John Hurrell – 19 April, 2014
Perhaps Ward Knox's unusual drawing method confirms his title? Looking at the taut silk support that is held away from the reflecting gallery wall, the square frame could be seen as a means of diffusing the translucent image with still more penetrative light, dematerialising it even further. One possible motivation might be philosophical or religious, that the world is illusory, only surface, and its contents transient.
John Ward Knox
Breathing After Thinking
9 April - 26 April 2014
Presenting ten works in the whole of the Ivan Anthony Gallery, John Ward Knox displays nine oil paint drawings on stretched silk, and a ‘floppy’ neon sculpture that looks like soft cord and dangles over the top of the stairs.
Ward Knox‘s drawings of various fired plates and bowls are (as usual) incredibly crafted, appearing from a distance to be grey photographs. Made with black paint and seemingly manipulated tone achieved via saturation, they could be called ‘paintings’. ‘Drawing’ as an approximate descriptive term though gets to their manual finesse, obsession with tone and super tight control - avoiding suggestions of the gestural, spontaneous or aleatory.
So - to cut to the quick - is there any point to this work, apart from a formidable showing off of paint application dexterity? The title Breathing After Thinking after all is highly provocative. It takes a dualistic position and makes claims that the work doesn’t come from a simple love of making, or celebration of the manipulation of materials, something that for example a show like Burster Flipper Wobbler Dripper Spinner Stacker Shaker Maker - that Justin Paton last year organised for Christchurch - does.
Here are some possible supporting arguments. They are needed because if Ward Knox is a conceptual artist (these days - who isn’t?) - and not just a craftsperson (if philosophy and thinking is not a craft…) - it is not obvious. Is there any evidence of some ideational underpinning that is so important it even precedes the automatic act of breathing? Or is he just being sardonic, or simply bluffing? Going through all the de rigueur motions his generation usually do.
Perhaps his unusual drawing method confirms his title? Looking at the taut silk support that is held away from the reflecting gallery wall, the square frame could be seen as a means of diffusing the translucent image with still more penetrative light, dematerialising it even further. One possible motivation might be philosophical or religious, that the world is illusory, only surface, and its contents transient. By being positioned on rigid wooden frames the bowl images can be easily moved to be put against blindless windows so that they become fainter still with the overpowering backlight. Less solid they look evanescent. Nothing lasts for long, least of all art.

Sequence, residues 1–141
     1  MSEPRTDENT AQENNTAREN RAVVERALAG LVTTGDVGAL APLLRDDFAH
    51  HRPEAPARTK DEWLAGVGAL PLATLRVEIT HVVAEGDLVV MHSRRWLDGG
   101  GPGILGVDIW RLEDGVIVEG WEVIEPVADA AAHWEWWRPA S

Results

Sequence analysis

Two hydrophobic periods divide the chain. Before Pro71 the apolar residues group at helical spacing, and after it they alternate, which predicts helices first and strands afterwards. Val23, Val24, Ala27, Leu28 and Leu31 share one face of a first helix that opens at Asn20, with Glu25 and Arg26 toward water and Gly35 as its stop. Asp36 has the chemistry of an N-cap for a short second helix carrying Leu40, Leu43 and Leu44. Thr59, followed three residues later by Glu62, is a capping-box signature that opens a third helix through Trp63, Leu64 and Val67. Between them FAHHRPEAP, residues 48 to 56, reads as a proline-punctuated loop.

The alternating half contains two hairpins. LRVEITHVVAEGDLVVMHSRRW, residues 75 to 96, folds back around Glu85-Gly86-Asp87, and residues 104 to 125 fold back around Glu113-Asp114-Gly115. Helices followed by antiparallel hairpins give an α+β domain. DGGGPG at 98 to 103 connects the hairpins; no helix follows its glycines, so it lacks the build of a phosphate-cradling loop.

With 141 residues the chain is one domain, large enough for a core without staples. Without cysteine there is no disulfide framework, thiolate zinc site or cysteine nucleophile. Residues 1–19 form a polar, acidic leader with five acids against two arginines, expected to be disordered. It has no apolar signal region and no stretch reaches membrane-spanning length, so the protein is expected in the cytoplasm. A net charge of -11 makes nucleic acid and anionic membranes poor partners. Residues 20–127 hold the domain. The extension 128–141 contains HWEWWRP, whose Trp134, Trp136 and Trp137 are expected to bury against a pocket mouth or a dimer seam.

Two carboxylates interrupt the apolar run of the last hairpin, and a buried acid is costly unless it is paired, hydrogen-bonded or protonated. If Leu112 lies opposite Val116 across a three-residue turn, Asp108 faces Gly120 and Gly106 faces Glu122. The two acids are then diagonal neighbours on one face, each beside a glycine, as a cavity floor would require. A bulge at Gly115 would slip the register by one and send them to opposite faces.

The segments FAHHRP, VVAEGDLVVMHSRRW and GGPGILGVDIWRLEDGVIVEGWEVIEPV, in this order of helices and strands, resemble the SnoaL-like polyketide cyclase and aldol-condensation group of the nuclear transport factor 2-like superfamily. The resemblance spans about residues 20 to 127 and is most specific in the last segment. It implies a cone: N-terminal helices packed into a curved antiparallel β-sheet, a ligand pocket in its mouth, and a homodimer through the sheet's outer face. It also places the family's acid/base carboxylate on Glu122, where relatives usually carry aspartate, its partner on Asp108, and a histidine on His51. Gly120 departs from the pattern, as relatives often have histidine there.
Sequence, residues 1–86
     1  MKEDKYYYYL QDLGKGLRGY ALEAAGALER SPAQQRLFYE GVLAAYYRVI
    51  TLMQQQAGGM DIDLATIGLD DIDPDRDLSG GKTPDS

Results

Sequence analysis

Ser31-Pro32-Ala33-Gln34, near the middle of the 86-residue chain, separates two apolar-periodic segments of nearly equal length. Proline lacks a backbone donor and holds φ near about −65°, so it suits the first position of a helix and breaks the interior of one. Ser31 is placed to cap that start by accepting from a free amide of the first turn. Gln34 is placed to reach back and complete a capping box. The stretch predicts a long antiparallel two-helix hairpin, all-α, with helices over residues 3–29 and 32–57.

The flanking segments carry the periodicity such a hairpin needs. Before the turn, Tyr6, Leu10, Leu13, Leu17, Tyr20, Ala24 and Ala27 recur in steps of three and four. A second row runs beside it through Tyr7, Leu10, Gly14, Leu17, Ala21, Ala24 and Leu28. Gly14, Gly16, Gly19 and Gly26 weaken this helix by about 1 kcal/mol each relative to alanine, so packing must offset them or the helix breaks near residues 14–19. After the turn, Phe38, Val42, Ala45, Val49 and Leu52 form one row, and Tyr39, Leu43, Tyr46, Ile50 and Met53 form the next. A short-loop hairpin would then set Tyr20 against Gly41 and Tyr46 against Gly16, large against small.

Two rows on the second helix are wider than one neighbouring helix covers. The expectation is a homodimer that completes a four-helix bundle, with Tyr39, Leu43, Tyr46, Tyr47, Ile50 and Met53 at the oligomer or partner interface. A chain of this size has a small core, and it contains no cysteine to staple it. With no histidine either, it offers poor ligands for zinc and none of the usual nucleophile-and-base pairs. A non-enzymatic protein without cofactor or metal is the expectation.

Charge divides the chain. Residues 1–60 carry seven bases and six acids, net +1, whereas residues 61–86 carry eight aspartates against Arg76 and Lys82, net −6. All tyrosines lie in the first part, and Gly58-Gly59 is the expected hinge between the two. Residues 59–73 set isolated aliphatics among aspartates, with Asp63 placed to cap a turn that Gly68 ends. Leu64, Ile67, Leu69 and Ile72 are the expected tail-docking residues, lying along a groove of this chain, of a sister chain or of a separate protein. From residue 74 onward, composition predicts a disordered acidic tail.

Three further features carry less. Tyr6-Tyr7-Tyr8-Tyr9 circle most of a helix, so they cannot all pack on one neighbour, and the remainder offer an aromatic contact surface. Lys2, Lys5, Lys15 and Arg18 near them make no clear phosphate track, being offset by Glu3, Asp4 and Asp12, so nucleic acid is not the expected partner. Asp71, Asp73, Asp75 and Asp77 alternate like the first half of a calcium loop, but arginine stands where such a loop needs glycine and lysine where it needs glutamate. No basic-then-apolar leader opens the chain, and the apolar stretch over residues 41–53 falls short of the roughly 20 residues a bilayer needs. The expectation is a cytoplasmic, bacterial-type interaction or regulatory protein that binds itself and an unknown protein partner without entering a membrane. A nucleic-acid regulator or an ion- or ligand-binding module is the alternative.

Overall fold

Chinaware as subject matter is also something to consider. It could have a symbolic purpose: fired and decorated ceramic containers standing for a fulfilled life, uncovered receptacles with latent potential waiting to be topped up. As in the sense of life being ‘a bowl of cherries’.
What about the images themselves? Is there something special about them?
One approach could be that their similarity with photography (despite their faint canvasy weave) brings to mind Roland Barthes and his interest in the punctum, a minor accidental detail that becomes an obsessed over, quite personally focussed feature. For example, in Harrison, with its obvious reference to the work of Michael Harrison, the young woman posing has her long hair trapped between her backside and the ornate sink she is leaning against. The wispy strands change direction under pressure. In other works, some of the rendered flatter plates have chipped edges that grate against the apparently perfect classicism of Ward Knox‘s oeuvre, and a couple of dessert bowls have subtly distorted, wobbly, swelling rims. Such idiosyncrasy holds your interest; you are enthralled by the unexpected particulars.
Ward Knox‘s method of placing modelled images - with their plasticity of rendered form - onto stretched silk that is unframed also brings technology like serigraphy to mind, as if there were some new reproductive process underway where drawn lithography is being blended with silkscreening - a humorous hybrid (without a litho stone) contrived to entertain printmakers. The format seems to contradict the fact that each image is unique and not at all reproducible. It suggests duplication and method - not end result.
Obviously this is an intriguing show to think about. If the title was Thinking After Breathing, perhaps that would create a ruckus, its matter-of-factness and putative normality so deathly dull? As if breathing and making were one.
Two Rooms presents a program of residencies and projects
by leading international and New Zealand contemporary artists.